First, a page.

A new report into youth use of mobile phone entertainment has highlighted that even today’s technology savvy younger generation is confused by the range and cost of mobile services now available. Responses from 638 UK mobile users aged between 11 and 25 indicate that today’s ‘connected’ youth audience is failing to grasp the full potential of mobile phone entertainment – or understand the best ways to access it. The research was conducted by youth research specialist Q Research in conjunction with Intellistream, a specialist in interactive mobile video and voice applications.
Despite being avid consumers of the latest gadgetry ― 94% of 11-25 year old males and 89% of females own a PC and over two-thirds have an MP3 player ― survey responses showed a genuine lack of understanding of mobile phone content, services such as mobile video, how they are accessed and a fear of the likely cost of these services.
In spite of all participants being surveyed over the Internet via a WAP website, 32% said they could access the Internet on their phone but did not, with a further 3% claiming that they could not access the Internet at all on their handset. Since users were responding to questions using a WAP site, they were by definition using the Internet.
Panellists were also confused by the extent and ways to watch different video and TV services on their mobile phone. Although 85% of respondents said they had the ability to download videos, 57% claimed not to be able to view TV podcasts which use the same formats – further evidence of user misunderstanding.
This apparent confusion contrasts with the general rise of video calling, mobile TV, and other content, available both as commercial downloads or user generated content.
Adoption of mobile video and live TV services by 11 to 25 year olds is being constrained by concern over access and pricing: 31% of respondents said they made video calls on their mobile phones, but of those that didn’t, 49% said they didn’t because of high network charges. Just over one fifth, 21%, of the interviewees said they watched live TV on their mobile, but of those that didn’t, almost the same proportion, 50%, said they didn’t because of excessive network costs.
The findings suggest that mobile network operators and content providers who overcome users’ lack of awareness or confusion over mobile services’ in terms of access, interactivity and cost, will be able to more rapidly realise the potential mobile entertainment service and associated revenue streams.
Jim Beagle, chief executive officer of survey sponsor Intellistream, said: “Defining new service categories is good for market differentiation but as the survey findings indicate, these labels appear to hinder user understanding and widespread adoption of new services. By more clearly communicating pricing packages and doing more to remove the current perception that the cost of video calling or live TV is high, network operators will more quickly be able to make these services as interactive, user-driven and as ubiquitous as SMS already is for this market.”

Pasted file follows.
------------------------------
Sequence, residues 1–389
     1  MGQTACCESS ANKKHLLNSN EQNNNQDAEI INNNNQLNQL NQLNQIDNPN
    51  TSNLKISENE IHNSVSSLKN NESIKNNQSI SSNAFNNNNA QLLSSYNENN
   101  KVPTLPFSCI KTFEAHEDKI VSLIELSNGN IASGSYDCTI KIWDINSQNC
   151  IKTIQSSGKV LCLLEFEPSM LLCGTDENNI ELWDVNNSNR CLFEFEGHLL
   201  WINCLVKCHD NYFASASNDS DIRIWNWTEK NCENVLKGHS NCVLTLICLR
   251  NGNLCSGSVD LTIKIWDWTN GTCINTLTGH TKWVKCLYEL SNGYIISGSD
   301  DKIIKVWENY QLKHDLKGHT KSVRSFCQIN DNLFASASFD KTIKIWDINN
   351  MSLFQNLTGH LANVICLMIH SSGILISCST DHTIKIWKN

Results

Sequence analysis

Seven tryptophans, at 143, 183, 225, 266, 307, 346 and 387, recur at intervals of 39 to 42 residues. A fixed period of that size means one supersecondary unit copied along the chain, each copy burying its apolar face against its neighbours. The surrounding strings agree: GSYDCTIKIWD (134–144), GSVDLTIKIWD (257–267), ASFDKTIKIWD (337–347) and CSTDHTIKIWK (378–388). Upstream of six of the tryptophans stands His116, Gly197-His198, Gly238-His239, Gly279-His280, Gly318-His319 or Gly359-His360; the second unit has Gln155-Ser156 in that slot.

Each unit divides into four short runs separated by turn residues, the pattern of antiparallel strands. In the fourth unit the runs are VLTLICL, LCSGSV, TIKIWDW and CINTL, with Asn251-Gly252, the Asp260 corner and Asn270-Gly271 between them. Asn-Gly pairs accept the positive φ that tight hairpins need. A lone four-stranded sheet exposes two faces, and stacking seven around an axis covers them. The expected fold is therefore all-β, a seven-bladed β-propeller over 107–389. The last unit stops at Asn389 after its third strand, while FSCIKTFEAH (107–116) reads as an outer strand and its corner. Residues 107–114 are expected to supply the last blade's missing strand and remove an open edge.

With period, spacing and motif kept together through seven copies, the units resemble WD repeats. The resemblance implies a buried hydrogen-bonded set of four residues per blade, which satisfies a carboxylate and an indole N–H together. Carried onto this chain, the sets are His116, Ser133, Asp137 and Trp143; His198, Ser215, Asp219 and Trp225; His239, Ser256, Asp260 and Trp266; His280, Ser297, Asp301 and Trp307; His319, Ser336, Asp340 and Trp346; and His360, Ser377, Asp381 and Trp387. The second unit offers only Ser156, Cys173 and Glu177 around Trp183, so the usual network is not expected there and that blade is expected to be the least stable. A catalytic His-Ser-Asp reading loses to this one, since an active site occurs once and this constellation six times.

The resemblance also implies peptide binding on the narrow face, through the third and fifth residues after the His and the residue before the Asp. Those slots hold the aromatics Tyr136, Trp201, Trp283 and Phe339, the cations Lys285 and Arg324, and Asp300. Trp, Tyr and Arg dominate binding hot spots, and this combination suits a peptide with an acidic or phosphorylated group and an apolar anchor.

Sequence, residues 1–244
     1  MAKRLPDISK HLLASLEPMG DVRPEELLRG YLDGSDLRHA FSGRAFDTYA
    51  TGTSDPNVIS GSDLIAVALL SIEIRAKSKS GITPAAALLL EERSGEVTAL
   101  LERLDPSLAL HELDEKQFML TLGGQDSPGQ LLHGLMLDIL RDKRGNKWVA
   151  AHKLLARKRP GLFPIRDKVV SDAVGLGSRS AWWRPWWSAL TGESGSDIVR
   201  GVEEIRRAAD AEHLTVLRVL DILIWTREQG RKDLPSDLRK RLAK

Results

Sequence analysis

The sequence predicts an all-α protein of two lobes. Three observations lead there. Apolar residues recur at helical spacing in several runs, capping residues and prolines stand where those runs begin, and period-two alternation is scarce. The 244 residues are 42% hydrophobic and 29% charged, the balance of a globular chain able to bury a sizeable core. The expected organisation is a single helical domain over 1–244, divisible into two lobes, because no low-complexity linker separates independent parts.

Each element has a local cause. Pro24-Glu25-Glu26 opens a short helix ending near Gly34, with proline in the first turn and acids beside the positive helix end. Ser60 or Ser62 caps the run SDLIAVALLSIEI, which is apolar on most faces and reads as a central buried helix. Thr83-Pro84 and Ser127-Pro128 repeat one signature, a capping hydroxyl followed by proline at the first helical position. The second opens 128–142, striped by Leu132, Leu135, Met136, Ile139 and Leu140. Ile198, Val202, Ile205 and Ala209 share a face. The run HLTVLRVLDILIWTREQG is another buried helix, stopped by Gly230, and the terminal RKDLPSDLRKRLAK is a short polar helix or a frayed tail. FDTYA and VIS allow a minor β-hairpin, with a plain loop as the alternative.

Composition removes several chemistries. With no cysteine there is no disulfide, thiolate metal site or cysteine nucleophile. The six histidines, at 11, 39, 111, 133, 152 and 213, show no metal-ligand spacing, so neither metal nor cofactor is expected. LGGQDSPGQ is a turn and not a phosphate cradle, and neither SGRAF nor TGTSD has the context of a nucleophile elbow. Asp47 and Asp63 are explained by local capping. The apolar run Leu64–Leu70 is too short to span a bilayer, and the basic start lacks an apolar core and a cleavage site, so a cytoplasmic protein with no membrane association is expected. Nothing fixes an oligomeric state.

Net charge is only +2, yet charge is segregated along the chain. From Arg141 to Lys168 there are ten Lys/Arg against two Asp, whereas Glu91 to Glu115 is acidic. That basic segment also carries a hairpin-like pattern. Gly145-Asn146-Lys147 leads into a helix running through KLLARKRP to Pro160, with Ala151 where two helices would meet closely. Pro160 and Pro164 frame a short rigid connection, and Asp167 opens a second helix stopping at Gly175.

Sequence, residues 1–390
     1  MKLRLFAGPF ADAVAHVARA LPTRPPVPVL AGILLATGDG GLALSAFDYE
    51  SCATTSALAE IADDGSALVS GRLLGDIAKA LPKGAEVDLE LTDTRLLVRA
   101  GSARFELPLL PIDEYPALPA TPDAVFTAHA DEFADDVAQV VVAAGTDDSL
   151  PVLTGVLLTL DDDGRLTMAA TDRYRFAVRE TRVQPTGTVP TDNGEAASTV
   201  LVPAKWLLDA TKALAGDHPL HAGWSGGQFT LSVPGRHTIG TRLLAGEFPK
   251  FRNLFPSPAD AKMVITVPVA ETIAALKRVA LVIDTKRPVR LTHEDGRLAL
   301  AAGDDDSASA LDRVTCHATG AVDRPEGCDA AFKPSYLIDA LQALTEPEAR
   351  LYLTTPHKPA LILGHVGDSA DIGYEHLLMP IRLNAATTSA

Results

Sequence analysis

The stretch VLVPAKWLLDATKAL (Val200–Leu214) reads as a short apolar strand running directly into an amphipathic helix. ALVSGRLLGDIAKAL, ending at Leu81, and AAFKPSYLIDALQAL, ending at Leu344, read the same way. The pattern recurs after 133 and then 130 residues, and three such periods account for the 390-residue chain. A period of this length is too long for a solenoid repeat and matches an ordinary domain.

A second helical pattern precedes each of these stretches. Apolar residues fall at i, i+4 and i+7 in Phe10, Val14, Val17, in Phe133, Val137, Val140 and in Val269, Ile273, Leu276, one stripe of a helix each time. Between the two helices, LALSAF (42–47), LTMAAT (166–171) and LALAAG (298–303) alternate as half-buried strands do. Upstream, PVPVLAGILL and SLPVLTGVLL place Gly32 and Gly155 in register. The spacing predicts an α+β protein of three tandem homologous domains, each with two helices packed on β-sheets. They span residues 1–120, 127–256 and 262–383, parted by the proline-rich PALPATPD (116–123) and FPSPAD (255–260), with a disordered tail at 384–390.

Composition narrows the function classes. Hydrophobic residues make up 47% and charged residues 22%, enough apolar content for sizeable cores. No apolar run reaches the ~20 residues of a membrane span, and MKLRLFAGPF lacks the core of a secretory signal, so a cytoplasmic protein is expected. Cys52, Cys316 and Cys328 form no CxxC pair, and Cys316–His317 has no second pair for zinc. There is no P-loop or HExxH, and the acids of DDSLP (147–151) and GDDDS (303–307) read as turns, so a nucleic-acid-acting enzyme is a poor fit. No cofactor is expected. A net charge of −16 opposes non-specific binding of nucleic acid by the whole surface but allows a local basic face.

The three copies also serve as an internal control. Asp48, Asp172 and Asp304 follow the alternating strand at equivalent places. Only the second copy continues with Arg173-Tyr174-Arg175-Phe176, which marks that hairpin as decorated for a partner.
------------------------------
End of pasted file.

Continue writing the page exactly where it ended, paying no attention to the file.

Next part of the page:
“There is also a wider issue hinted at in these responses: if today’s technically literate young people don’t know how to fully use the range of services available on their mobile phone, then other consumer categories certainly won’t either. We know that many young people encourage friends or simply shame their parents into trying new interactive services, such as real time video to mobile applications, TV podcasts and video-based games. If the industry isn’t successful in building on the clear interest in video sharing and video calling amongst this group, new entertainment services will be slower to reach the critical mass needed to ensure widespread adoption by consumers.”
The survey was sent to 1655 Q panellists in the UK aged 11 to 25 years in August 2007 and conducted via WAP.
Intellistream (intellistream.co.uk) provides interactive video enabled mobile solutions. Its customers include a broad range of organisations in the entertainment, security and advertising industries looking to tap into opportunities created by new mobile technologies.
Intellistream was founded in March 2006. Its first product Unistream™, a high performance platform for creating, hosting and delivering interactive 3G video applications, was launched in September 2006 and gained its first client just 3 months later.
The Unistream™ platform enables any end-user with a 3G handset to access high quality video enabled mobile applications without having to first download or install anything on their 3G handsets. The patent-pending technologies embedded into the platform make Unistream applications faster and more responsive than is possible with alternative technologies.
Intellistream's customers enjoy faster time-to-market, simplified application creation and management, comprehensive data capture and higher degree of control of the end-user experience.